Since one can never be sure where the market will turn, it's always best to take at least some profits at potential turning points and hold some positions to benefit if the trend continues.
The BSE Sensex
A look at the Sensex chart shows that the index has made a series of lower lows and lower highs. (Click here for the Sensex chart). The horizontal lines above the current price are resistance levels and thosebelow are support levels. Prices often rally from support and sell off from resistance. Support levels are areas of demand as buyers exceed sellers and vice-versa for resistance.
In the case of the Sensex,it might go down to the 12,000-13,000 range as there is a gap at that level. The gap is shown by an arrow on the chart. Gaps happen when prices close at one level and open higher or lower the next day. In the case of the Sensex, the gap is huge, of nearly 950 points. Gaps happen because there is a huge imbalance of buyers and sellers.
In the case of the Sensex the gap was up, which means the number of buyers substantially exceeded the number of sellers. Gaps are also magnets for price, which makes us believe that the Sensex can reach the 12,000 to 13,000 level eventually, as the trend is bearish.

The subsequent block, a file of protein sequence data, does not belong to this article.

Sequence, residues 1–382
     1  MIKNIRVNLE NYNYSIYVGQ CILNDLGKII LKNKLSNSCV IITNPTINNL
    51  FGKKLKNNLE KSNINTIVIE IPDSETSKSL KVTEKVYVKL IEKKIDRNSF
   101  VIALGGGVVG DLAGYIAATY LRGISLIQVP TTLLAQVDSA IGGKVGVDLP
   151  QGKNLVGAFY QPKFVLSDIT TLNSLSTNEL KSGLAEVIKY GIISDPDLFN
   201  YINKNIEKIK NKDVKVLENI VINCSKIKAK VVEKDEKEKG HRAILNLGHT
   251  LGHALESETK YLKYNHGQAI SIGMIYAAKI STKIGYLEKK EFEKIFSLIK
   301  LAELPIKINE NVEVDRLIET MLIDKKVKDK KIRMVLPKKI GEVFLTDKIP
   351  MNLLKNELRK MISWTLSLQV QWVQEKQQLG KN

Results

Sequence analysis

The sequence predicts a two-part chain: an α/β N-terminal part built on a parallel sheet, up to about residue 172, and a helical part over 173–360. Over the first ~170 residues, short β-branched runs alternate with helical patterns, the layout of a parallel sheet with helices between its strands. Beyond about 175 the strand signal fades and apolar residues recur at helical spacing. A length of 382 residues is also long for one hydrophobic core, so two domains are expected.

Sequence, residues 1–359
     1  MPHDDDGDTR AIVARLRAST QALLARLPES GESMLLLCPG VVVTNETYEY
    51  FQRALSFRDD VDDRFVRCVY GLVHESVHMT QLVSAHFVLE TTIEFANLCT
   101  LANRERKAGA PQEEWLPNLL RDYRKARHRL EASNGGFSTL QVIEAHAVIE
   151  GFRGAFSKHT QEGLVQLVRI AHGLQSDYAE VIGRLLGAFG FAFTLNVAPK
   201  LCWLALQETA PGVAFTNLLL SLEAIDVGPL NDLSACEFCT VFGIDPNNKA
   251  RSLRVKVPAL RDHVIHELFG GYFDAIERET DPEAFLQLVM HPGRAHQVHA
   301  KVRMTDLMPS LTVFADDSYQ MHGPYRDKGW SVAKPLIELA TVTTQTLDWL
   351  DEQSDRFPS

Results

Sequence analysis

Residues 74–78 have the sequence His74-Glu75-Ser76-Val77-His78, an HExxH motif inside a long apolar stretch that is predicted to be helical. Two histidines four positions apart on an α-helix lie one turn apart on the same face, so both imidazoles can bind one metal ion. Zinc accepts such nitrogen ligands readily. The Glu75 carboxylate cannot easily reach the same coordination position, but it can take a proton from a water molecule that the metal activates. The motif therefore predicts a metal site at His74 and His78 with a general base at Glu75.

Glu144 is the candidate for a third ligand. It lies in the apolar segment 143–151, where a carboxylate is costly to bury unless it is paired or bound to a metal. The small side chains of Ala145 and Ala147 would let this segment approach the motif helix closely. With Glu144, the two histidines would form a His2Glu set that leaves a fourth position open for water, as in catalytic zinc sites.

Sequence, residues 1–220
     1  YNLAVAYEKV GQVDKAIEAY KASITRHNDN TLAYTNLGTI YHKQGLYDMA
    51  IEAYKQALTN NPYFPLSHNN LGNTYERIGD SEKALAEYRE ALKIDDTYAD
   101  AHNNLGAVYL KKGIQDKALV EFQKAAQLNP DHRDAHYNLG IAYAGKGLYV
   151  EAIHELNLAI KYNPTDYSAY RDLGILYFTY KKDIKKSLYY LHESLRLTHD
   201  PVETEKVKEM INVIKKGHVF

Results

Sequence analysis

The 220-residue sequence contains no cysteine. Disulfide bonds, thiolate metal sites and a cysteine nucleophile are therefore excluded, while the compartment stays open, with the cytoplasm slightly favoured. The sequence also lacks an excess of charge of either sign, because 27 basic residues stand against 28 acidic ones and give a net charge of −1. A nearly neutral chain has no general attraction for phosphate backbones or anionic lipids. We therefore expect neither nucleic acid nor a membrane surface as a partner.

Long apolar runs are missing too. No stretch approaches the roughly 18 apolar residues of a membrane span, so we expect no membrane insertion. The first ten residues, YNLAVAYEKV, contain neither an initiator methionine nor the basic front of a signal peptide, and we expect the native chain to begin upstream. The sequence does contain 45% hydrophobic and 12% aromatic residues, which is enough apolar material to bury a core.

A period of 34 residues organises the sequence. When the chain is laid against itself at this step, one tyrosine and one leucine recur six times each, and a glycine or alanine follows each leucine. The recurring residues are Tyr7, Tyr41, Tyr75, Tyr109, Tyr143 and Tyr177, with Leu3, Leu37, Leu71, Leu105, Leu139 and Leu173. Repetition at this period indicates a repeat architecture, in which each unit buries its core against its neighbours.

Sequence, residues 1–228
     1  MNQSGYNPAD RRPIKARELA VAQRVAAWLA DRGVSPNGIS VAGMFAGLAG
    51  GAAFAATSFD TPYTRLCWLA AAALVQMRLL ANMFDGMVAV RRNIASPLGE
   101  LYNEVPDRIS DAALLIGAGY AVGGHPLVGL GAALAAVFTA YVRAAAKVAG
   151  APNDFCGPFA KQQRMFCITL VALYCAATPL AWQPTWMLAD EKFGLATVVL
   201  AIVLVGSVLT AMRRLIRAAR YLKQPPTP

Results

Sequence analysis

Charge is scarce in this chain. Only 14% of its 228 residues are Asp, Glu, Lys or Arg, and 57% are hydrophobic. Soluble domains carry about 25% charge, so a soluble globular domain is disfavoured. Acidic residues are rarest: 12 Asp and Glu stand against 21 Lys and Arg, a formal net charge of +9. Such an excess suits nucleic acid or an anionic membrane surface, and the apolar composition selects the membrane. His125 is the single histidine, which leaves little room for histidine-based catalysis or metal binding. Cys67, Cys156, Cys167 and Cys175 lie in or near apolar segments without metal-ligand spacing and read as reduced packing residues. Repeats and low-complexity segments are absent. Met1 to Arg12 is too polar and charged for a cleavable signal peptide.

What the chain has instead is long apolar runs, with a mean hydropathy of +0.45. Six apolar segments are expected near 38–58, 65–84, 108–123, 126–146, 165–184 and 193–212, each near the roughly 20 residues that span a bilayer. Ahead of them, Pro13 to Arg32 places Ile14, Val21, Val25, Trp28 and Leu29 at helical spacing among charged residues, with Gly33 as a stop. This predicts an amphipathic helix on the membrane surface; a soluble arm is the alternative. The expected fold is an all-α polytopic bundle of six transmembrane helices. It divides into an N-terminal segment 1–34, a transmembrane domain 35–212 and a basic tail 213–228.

The US market
The S&P 500 index was basically range-bound in 2011 and is likely to stay so unless it breaks below 1,000 or rallies above 1,375. For the year as a whole, the index ended flat. As the global benchmark for equity markets, the S&P 500 has, over the past six months, been making lower highs, higher highs, lower lows and higher lows, which clearly signals a market in a holding pattern. But that's not bad as the trading range is wide at 375 S&P points, which can give some very good opportunities.
Based on price action, we have a bearish bias. A look at the chart shows that the index has quite a few resistance levels overhead in close proximity, making a strong rally difficult (Click here for S&P 500 chart). The support ranges, on the other hand, are wide apart. So a break of one can lead the index down much lower till the next level.
Traders in all countries should keep a close eye on the S&P 500 as equities globally have a close correlation to it.
What's up for Europe?